Then the flavouring choices diverts into two paths: Tropical Relishes or Traditional (ketchup, mustard, regular relish). Not sure why you’d want to go with the latter, as that doesn’t really make the whole experience happen, but some in line I heard did. The Hawaii-influenced relishes include Mango, Pineapple, Papaya, Coconut, Banana, and Star Fruit. I elected to try the Mango relish and added a side that came in a small cup of the Hawaiian Lilikoi mustard, as recommended to me, and it indeed was a good match when pasted in with the small ice cream cup wooden spoon.
Watching the construction of the dogs is interesting. As seen from the above image, the buns first of all, are not your regular hot dog type. The soft texture reminded me of the delicious Filipino bread rolls better known as Pan De Sal. Each long single bun is wrapped in paper and literally pierced on one side down the middle (with “puka” meaning hole in Hawaiian) by placing it on this rack of hot steel tubes that look like mini missiles that heat and toast the core. The sausages are placed in a grilling deck that shoots them out once they are fully cooked in a nearby resting tray. The key here that really surprised me was just how evenly crispy the sausage was, even at both ends. Taking that first bite, it was like a cap tearing off the tip of the dog – great for crispy food lovers.
Once the bun is ready, some squirts of the garlic lemon sauce (from plastic bottles) and the relish (from the multiple relish taps that line the counter much like beer taps in a bar) is deposited in the bottom of the bun. Next, the wiener is inserted with some tongs, and then more of the sauces are added in from the top. With multiple orders, I could see how painstaking a process this is, in making sure you are putting in the right type of garlic lemon sauce and relish into each dog. Nothing worse than expecting a mild tone and finding an erroneous inclusion of hot Habanero sauce! Eating it feels very much like consuming a donair or Shawarma as you work your way down the bun trying to keep all the insides from dripping out of the paper envelope.
As much as I enjoy your standard fare hotdog with ketchup, mustard and relish, this Puka Dog was so unique not only in its flavoring combinations but the texture and cut of the bun and the all-around crispy wiener, that makes me proclaim that perhaps its my new favourite type of hot dog. I only wish they had an outlet on the west coast of Canada. If you are ever on Oahu, or Kauai (their first branch), I recommend you give it a try as the hype is well deserved! Oh, and don’t forget the fresh squeezed lemonade.
Wild Rose Brewery
Bldg AF23,#2 – 4580 Quesnay Wood Drive SW
Calgary, Alberta T3E 7J3
My personal philosophy puts a premium on balance. I believe that balance is one of the key elements in all aspects of life. This doubly applies to food. and drink. The flavours in a dish, the beer that you drink, people find things that are in balance to be more pleasing, and harmonious. Philosophically though, i’ve always wondered. Can a place that focuses primarily on wine, or beer, still serve great food? Do places excel at both? Or does an establishment that focuses most of their energy on producing great beverages, have a limited amount of energy to spend on the food? Wild Rose Brewery in Calgary is an interesting case study.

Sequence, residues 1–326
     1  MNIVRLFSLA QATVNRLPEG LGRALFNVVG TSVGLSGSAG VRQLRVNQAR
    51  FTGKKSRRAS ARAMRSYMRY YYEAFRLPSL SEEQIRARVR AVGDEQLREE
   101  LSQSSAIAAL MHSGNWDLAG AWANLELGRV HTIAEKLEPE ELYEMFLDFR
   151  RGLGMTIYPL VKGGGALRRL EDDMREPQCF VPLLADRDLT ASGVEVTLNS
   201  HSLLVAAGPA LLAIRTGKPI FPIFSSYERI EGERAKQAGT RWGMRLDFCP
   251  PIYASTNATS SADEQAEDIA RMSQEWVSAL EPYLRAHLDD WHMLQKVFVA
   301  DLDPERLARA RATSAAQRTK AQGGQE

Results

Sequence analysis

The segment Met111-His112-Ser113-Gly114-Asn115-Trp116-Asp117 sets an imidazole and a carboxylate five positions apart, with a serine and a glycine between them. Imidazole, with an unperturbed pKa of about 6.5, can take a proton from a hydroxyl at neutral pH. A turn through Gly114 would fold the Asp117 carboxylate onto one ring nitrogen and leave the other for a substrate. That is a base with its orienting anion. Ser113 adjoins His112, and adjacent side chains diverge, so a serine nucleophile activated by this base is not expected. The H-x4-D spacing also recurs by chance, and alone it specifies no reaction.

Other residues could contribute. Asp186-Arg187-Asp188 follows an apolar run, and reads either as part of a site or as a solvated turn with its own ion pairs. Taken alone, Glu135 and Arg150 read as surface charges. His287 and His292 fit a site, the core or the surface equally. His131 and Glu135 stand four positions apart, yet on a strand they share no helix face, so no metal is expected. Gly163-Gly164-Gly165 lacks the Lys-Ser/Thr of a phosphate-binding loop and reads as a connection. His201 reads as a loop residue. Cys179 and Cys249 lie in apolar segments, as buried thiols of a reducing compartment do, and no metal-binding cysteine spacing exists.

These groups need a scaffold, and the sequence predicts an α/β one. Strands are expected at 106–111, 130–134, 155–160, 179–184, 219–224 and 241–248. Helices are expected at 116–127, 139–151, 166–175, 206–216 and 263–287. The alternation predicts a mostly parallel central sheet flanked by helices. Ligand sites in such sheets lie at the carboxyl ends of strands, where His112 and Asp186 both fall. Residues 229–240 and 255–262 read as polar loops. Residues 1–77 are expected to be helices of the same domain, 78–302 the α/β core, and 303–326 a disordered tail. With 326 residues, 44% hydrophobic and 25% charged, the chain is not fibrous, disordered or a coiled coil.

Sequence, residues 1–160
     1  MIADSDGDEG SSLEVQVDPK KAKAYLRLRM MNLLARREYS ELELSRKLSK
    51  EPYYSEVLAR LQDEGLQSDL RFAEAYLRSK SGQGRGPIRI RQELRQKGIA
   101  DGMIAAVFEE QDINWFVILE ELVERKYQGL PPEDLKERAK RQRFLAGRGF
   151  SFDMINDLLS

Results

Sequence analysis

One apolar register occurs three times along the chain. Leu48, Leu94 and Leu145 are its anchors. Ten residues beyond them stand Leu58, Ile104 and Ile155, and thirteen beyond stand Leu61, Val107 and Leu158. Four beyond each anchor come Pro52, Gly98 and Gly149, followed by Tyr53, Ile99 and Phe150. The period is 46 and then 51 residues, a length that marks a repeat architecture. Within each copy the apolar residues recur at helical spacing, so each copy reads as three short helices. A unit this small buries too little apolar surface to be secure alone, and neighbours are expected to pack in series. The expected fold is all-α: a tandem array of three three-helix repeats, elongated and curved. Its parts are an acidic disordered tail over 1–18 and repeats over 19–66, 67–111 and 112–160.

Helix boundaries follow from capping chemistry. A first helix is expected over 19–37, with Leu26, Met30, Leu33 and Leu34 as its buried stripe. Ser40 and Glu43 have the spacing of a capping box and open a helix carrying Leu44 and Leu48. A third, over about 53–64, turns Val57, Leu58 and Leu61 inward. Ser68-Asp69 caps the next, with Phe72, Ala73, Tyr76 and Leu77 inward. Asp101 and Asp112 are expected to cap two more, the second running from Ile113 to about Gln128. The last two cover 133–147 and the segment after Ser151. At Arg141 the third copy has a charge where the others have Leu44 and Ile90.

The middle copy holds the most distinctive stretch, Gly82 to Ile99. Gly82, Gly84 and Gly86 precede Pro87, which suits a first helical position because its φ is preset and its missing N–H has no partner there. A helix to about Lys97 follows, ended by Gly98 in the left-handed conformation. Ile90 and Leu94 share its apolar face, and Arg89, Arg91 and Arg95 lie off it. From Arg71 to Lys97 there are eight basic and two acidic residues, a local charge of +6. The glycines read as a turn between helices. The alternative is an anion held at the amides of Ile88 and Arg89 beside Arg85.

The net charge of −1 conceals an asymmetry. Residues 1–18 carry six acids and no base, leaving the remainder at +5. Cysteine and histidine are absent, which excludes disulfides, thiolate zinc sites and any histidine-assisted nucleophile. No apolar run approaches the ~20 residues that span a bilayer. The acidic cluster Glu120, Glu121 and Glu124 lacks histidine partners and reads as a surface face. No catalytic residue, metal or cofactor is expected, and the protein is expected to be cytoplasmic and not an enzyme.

Wild Rose Brewery is great at brewing beer. Located in the Currie Barracks complex, they are a craft brewery that produces a variety of beers served across Alberta. They maintain a taproom that fronts their brewery, allowing patrons to sample their current production lineup. With some highly regarded and award winning beers,Wild Rose is doing some exciting things.
As was pointed out to me in an earlier post, i am certainly no expert on beer. So i will spend very little time discussing Wild Rose Brewery beer. I will say, however, that this is a fantastic brewery. Their philosophy of fresh ingredients, combined with classic brewing techniques results in some excellent interpretations. Rather than dumb down your standard beers, they brew some true interpretations of classic global beers. Their Imperial IPA is phenomenal, and seasonally, the Stout and Pilsner are must tries for me.
Rocky Mountain Flatbread Company
#1 838 10th Street
Wednesday – Sunday, 5.00 pm onwards
I’m not exactly sure when flatbread became synonymous with pizza, but that’s exactly what it is. Generally speaking, thin crust, though i’ve come across all kinds in my travels. Regardless of what you call it, the recipe for success is generally the same. A great crust, appropriate sauce, and the right blend of toppings – for the most part, meats, cheeses, and vegetables. While it seems like a simple formula, very few places get it right. Thankfully, Rocky Mountain Flatbread Company is one place that works hard to succeed.
The Rocky Mountain Flatbread Company is a Canmore-based company producing good flatbread pizza. Perhaps more admirably, they do so with a mission. Their key philosophy is their belief in community. They believe in contributing to the community they live in, supporting their local producers, and supporting a variety of social and environmental causes. They even charge a optional carbon tax on each meal to offset the carbon emissions used to create your meal. This form of respect for their community certainly comes with a price – slightly higher prices, but I know personally, it is a small price I am willing to pay. In line with their mision, they use only local organic ingredients. No additives, GMO’s, transfats.